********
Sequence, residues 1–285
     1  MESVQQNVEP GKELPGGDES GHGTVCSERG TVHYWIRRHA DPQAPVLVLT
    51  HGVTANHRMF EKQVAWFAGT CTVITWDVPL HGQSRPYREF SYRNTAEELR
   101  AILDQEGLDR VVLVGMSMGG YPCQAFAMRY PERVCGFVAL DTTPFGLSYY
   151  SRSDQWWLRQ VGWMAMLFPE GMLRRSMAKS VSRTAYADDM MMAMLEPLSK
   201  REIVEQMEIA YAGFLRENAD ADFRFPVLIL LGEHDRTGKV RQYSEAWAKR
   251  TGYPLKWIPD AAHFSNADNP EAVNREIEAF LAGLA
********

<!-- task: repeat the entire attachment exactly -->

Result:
Sequence, residues 1–285
     1  MESVQQNVEP GKELPGGDES GHGTVCSERG TVHYWIRRHA DPQAPVLVLT
    51  HGVTANHRMF EKQVAWFAGT CTVITWDVPL HGQSRPYREF SYRNTAEELR
   101  AILDQEGLDR VVLVGMSMGG YPCQAFAMRY PERVCGFVAL DTTPFGLSYY
   151  SRSDQWWLRQ VGWMAMLFPE GMLRRSMAKS VSRTAYADDM MMAMLEPLSK
   201  REIVEQMEIA YAGFLRENAD ADFRFPVLIL LGEHDRTGKV RQYSEAWAKR
   251  TGYPLKWIPD AAHFSNADNP EAVNREIEAF LAGLA